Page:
Wednesday, May 1, 2019

Tnacity Take 2

While looking up something else, I came across this:

It's a site for educators.   Here are a few highlights.  Just something to think about:

Were they perfect moral examples? No. But to be fair, neither were most of the other great athletes and political figures and writers we revere. By telling the stories of what they did right along their path to success, we embed memorable character motivators in the minds of young people. We're writing our illustrations primarily based upon our reading of one of the most respected biographies of The Beatles: Shout! The Beatles in Their Generation, by Philip Norman .

Press On Despite Criticism
(Beatles Succeed Despite Discouraging Comments)
Don't let discouraging comments get you down. Sometimes we simply need to ignore them and press forward with our passion.

Fifteen-year-old John fell in love with his guitar, playing it night and day. John's Aunt Mimi put it this way,

"To me, it was just so much waste of time. I used to tell him so. 'The guitar's all very well, John, but you'll never make a living out of it.'"

Here were some other negative comments they endured:
  • While John attended Art College, he, Paul and George played together but apparently weren't very good. A member of another band suggested that they "weren't worth a carrot." (p. 68)
  • They managed to get a gig playing between sets at a club, but were so bad that they were ordered off stage after two songs. (p. 69)
  • When they decided to change their name to The Beatles, their promoter assured them that nobody would ever take a band with that name seriously. (p. 74)
  • They auditioned for a recording contract with Decca, but were turned down. Bands with guitars "were on the way out," the experts at Decca explained. (p. 144)
  • Their relentless manager, Brian Epstein, approached every record label he could find in the catalogue, only to be rejected at every turn. (pp. 146, 152)
  • When they finally landed a contract, it was with a small label with a mediocre track record, obligating the label to pay the band and Epstein a mere penny per album sold. (pp. 154-158)
Don't Let Poverty and Bad Breaks Define You 

John Lennon and Paul McCartney, the chief songwriters and vocalists for one of the top-selling bands of all time, The Beatles, refused to allow humble beginnings to get in their way.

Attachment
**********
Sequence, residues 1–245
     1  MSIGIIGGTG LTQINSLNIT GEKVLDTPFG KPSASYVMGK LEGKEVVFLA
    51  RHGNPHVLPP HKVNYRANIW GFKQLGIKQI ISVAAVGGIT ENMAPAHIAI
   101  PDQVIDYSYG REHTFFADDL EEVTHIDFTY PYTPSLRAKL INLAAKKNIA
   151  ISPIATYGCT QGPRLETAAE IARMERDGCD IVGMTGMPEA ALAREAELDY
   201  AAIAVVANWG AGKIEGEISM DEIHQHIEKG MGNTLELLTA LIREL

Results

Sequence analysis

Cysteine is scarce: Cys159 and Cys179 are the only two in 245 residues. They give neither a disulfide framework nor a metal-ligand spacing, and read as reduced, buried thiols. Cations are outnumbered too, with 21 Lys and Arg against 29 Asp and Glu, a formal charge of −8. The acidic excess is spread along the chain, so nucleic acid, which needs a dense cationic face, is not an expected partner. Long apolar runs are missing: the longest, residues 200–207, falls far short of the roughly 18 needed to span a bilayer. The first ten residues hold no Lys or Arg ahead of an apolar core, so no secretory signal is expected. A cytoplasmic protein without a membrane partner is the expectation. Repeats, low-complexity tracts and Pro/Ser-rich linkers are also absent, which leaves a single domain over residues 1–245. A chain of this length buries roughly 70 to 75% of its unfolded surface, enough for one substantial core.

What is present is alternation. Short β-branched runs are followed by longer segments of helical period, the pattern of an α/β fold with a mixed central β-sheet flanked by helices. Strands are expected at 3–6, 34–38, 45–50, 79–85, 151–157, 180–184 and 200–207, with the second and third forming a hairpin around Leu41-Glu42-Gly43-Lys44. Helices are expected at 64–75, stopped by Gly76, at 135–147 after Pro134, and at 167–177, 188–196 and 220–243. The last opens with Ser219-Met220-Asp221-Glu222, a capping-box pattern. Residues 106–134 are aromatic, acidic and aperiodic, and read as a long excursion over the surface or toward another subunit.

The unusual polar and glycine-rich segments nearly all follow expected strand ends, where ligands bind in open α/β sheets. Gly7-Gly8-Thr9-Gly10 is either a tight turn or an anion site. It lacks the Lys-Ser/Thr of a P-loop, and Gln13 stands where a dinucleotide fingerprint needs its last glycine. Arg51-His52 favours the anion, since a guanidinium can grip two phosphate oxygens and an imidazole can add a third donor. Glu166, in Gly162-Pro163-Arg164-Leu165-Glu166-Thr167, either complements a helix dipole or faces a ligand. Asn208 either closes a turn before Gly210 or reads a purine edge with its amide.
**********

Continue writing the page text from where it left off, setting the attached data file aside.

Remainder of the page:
Money Troubles for Their Band

In their mid-teens, John and Paul began playing in a band together, called The Quarrymen, playing anywhere people would listen. But their lack of money continued to pose problems, such as:

When they went to electric guitars, they had no money to buy amps. If the organizers couldn't provide one, they'd have to settle for a crappy sound by hooking up through the microphone system.(p. 59) If they played a church event, the church would have to pay for broken strings. They lost an opportunity to be "discovered" when they entered a talent competition. After passing the local heats in Liverpool, they were invited to the semifinals at the Hippodrome in Manchester. It was their big chance to get on TV and let the world view their talents! But their poverty robbed them of the opportunity. They had enough money for the bus trip to Manchester, but had to leave before the evening finals, because the only bus home left before the finals. They had no money to book an overnight stay. (p. 59)

The Power of Perseverance

John and Paul kept right on playing and singing. It would take them five more years before they were able to cut an album and start to get some serious recognition. (p. 167) But perhaps, in the end, it was best to take the long, harder road to success. During those years of obscurity, they lost some band members but added George Harrison and Ringo Starr. Time on the road allowed them to sharpen their skills at writing, playing their instruments and performing, so that when they became famous, they were ready to take the world by storm.

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Have a great rest of the week.

Carpe diem Life,
David Kuhn

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